TEHRAN: Iranian President Hassan Rouhani said the country’s people had defeated an “enemy conspiracy” behind a wave of violent protests and were celebrating their victory. Rouhani blamed the deadly unrest on “anarchists” who took to the streets “based on a plot that the region’s reactionary, the Zionists and Americans hatched”, referring respectively to Saudi Arabia, Israel and the US.
The demonstrations erupted in sanctions-hit Iran on Friday, hours after the price of petrol was raised by as much as 200 percent. Motorists blocked highways in Tehran before the unrest spread to at least 40 urban centres, with petrol pumps torched, police stations attacked and shops looted. Officials have confirmed five deaths, including of three security personnel stabbed by “rioters”.
In Shahriar, west of Tehran, mourners chanted “Death to America” in a funeral procession on Wednesday for one of those killed, a Revolutionary Guards commander. The UN human rights office said it was alarmed by reports live ammunition had caused a “significant number of deaths”. Amnesty International said more than 100 demonstrators were believed to have been killed, and that the real toll could be as high as 200. The full extent of the bloodshed was difficult to ascertain given a near-total internet blackout since the weekend.
Rouhani told a cabinet meeting that “our people have been victorious against … the enemy’s conspiracy. “Those anarchists who came out onto the streets were few in number,” he said, insisting “this is the biggest display of the power of the nation of Iran”. Supreme leader Ayatollah Ali Khamenei said late Tuesday that “the recent actions were security issues, not from the people… We have repelled the enemy.” Khamenei has previously blamed the unrest on the Pahlavi royal family ousted in the 1979 Islamic Revolution and armed opposition group the People’s Mujahedeen of Iran, which Tehran considers a “terrorist” cult.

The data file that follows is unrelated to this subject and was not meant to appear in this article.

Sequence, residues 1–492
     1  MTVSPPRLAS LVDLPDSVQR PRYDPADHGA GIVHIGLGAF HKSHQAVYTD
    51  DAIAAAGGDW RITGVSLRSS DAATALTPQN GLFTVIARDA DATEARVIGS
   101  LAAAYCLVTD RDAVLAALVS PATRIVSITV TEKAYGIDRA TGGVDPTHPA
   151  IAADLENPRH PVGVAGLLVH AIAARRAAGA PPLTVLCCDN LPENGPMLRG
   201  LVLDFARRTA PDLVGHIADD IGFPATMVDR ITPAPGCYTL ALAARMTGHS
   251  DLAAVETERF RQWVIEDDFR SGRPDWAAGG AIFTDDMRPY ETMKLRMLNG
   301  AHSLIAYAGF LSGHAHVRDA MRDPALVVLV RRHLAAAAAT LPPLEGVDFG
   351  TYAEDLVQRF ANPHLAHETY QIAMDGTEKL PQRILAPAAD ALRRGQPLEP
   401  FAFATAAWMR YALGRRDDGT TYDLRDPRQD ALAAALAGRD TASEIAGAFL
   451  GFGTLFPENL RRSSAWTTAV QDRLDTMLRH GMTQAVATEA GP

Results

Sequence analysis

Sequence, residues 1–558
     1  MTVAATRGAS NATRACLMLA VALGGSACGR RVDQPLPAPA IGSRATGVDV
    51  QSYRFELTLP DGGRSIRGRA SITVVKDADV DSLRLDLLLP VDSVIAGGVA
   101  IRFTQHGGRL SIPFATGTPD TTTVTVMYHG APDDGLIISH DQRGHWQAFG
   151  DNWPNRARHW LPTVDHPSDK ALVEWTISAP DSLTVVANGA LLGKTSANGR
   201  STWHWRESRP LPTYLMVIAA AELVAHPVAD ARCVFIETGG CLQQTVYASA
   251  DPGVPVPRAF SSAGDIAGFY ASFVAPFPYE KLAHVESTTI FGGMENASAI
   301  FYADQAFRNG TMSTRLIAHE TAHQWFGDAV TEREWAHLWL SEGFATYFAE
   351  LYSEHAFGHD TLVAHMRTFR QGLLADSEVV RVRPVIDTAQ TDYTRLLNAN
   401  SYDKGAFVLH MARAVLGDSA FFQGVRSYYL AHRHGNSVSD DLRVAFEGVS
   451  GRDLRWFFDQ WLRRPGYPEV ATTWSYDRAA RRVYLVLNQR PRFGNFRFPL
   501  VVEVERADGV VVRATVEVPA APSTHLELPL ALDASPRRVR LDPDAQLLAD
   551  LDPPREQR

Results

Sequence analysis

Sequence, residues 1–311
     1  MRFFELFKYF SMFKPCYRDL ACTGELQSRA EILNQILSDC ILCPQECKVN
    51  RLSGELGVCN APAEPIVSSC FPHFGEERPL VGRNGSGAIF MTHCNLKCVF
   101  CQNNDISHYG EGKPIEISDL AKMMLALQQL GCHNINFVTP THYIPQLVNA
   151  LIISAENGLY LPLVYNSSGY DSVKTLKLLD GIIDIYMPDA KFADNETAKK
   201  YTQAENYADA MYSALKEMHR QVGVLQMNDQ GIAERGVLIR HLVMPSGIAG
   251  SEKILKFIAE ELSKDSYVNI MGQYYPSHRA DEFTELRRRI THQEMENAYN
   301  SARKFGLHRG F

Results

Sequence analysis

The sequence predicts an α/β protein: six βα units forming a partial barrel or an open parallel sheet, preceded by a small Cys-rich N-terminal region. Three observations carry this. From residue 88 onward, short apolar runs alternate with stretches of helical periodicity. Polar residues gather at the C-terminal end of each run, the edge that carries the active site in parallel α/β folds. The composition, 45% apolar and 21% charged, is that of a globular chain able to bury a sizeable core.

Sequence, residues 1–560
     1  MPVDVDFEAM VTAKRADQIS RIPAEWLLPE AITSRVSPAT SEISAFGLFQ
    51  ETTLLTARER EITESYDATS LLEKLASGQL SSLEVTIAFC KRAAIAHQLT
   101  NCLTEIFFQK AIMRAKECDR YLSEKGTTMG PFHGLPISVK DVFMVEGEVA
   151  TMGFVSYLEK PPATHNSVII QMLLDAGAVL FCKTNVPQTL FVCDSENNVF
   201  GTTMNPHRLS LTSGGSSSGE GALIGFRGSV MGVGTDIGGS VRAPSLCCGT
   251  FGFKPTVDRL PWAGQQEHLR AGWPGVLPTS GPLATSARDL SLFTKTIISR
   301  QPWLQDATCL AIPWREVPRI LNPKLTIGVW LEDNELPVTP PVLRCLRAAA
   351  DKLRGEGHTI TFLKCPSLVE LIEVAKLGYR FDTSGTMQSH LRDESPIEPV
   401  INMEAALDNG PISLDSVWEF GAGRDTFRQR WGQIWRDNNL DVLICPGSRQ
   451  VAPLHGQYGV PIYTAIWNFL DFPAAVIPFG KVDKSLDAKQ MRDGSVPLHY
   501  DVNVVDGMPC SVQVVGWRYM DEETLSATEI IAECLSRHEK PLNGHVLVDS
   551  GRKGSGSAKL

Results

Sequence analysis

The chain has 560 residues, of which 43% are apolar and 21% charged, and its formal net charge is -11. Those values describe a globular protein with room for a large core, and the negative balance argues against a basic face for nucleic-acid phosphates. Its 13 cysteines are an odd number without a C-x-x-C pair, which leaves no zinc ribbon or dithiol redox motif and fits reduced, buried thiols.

In Shahriar, thousands of mourners trailed behind a truck carrying a coffin, clutching portraits of the slain Guard and posters that read “Down with USA”. They passed burned-out buildings, including a bank, post office and shopping centre. One of the mourners, Younes Abutalebi, told AFP: “My pension is 18 million rials ($146). If it was cut… I would go begging — but I wouldn’t set fire to a bank.” Rallies against the unrest were also held in Arak, Ardebil and Ghorghan, among other cities.
Iran’s economy has been battered since May last year when President Donald Trump unilaterally withdrew the US from a 2015 nuclear agreement and reimposed sanctions. Tensions have soared this year, with the US widening its sanctions to include Khamenei and other key entities as Iran cut its nuclear commitments. The arch-foes came to the brink of a military confrontation in June when Iran downed a US drone and Trump ordered retaliatory strikes before cancelling them at the last minute.
Iran was blamed for a September 14 attack that knocked out two major oil installations in Saudi Arabia, halving its crude output. Saudi Arabia’s King Salman urged Iran on Wednesday to abandon an expansionist ideology that he said had “harmed” its own people. The French foreign ministry expressed “deep concern over information indicating the deaths of numerous protesters” in Iran. It urged “respect of freedom of expression and access to means of communication, as well as the right to demonstrate peacefully”.
On Tuesday, the US aircraft carrier strike group Abraham Lincoln sailed through the Strait of Hormuz, a narrow waterway separating Iran and the United Arab Emirates. Iran regularly threatens to shut the strait if its enemies commit hostile acts. Last week’s surprise fuel price hike was agreed by the president, parliament speaker and judiciary chief. Rouhani has defended the move, pledging proceeds would go to the needy. In his latest remarks, he said the first payments had been made to more than seven million people, and that in total 18 million would receive handouts by Saturday.- AFP